This weekend, I got news that Ally Condie, author of Matched, was signing at a local bookstore. She lives nearby (ish), and had her launch party in my town, but I missed it because I was sick, so I was determined to go meet her and get a signed copy of Matched.
The Kiddo came with me since the hubs was at work, and when we got to the store I almost turned back. Okay, not really, but it was PACKED. They were having a Ladies Night, and I had to fight my way to the signing table. It was worth it, though. I had a lovely little chat with Ally, got my signed book, and got a picture with her.
I'd been lucky enough to read an ARC of Matched, but I'm glad to have my own copy now-- and signed! It reminds me of The Giver in some ways, which is my favorite dystopian of all time. Here's my review, though I've decided to do something a little different with my reviews. I want to focus on things I learned from the books as a writer, and to pass them on!
Here's the blurb from Amazon: "Cassia Reyes is a model student, daughter, and citizen. How could she not be when the Society has everything planned and functioning perfectly? All of her needs are met: food, shelter, education, career training, and even her future husband are selected by officials who know what is best for each individual by studying statistical data and probable odds. She even knows when she will die, on her 80th birthday, just as the Society dictates. At her Match Banquet she is paired with Xander, her best friend and certainly her soul mate. But when a computer error shows her the face of Ky, an Aberration, instead of Xander, cracks begin to appear in the Society's facade of perfection. A series of events also shakes her dedication to Xander and puts her future in jeopardy."
The story is a little slower than I first anticipated, but that doesn't mean it isn't a gripping read. Both times I've read it, I finished it in a single day. I love the characters, especially Xander and Ky, and I love that the love triangle actually MAKES SENSE. I didn't spend the book going, "She's so stupid, why can't she just make up her mind!" I was torn between the boys too.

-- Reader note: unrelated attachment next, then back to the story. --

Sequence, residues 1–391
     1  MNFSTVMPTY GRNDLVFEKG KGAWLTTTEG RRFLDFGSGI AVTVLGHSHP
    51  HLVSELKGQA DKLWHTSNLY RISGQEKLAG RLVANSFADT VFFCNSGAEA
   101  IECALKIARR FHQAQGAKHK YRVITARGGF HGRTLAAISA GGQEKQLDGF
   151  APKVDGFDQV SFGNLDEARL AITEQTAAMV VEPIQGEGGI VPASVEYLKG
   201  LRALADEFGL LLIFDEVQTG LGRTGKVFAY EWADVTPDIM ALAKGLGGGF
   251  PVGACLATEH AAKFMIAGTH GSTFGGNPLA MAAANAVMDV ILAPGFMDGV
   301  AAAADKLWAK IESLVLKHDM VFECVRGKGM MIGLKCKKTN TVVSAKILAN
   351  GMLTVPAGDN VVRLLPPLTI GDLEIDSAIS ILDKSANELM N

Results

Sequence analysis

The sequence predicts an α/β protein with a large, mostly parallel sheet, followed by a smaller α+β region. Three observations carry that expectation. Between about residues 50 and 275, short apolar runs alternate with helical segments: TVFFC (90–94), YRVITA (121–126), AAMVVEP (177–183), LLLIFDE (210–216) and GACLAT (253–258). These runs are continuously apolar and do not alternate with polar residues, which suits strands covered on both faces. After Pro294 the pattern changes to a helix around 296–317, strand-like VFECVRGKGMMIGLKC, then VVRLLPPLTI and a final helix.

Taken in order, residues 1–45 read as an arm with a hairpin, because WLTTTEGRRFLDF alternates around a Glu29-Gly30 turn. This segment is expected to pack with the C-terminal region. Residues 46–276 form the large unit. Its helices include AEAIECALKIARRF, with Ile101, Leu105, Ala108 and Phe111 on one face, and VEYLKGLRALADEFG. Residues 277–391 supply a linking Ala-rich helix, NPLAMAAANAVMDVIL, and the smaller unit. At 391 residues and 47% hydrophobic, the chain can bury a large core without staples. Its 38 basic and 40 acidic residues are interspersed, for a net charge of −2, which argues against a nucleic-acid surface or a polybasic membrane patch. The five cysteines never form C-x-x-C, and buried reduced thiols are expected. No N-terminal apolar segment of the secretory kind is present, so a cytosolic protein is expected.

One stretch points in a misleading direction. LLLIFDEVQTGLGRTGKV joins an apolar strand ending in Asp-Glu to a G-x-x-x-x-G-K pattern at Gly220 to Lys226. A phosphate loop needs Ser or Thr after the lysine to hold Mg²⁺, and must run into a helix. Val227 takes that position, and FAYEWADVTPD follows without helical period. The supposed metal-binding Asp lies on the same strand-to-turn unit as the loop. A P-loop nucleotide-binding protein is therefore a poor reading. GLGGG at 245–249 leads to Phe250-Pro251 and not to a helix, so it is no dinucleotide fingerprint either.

As a writer, the biggest thing I learned from Matched is that your actual WRITING counts! I've read some books lately where the plot was interesting, the characters fun, and the writing clean, but they didn't have that...oomph to their prose. I loved Matched in part because of the gorgeous prose. It was all the more engaging because of the lyrical rhythms that came out as Cassia's voice.
This isn't to say all your writing needs to be lyrical and poetic. Your character's voice-- and your own authorial voice-- might not be like that, and that's fine! But when you put your words together and string them into sentences, try to find a way to make them flow however the story dictates.
One thing that helps me immensely is to read poetry-- and lots of different poets. It helps to get a feel of how I can use words in different ways to create different moods, voices, and rhythms. So don't forget your prose!
So, my friends, have you read Matched? What were your thoughts? Do you try to focus on your prose at some point when you're writing? What tips can you share with the rest of us?